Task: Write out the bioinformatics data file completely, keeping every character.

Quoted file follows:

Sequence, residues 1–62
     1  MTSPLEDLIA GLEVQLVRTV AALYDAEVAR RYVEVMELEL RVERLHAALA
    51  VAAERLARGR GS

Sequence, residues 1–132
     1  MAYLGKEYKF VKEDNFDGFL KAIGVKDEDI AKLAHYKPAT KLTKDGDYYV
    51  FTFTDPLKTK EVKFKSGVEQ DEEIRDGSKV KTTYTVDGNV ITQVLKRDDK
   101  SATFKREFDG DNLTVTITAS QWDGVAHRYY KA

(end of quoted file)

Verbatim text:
Sequence, residues 1–62
     1  MTSPLEDLIA GLEVQLVRTV AALYDAEVAR RYVEVMELEL RVERLHAALA
    51  VAAERLARGR GS

Sequence, residues 1–132
     1  MAYLGKEYKF VKEDNFDGFL KAIGVKDEDI AKLAHYKPAT KLTKDGDYYV
    51  FTFTDPLKTK EVKFKSGVEQ DEEIRDGSKV KTTYTVDGNV ITQVLKRDDK
   101  SATFKREFDG DNLTVTITAS QWDGVAHRYY KA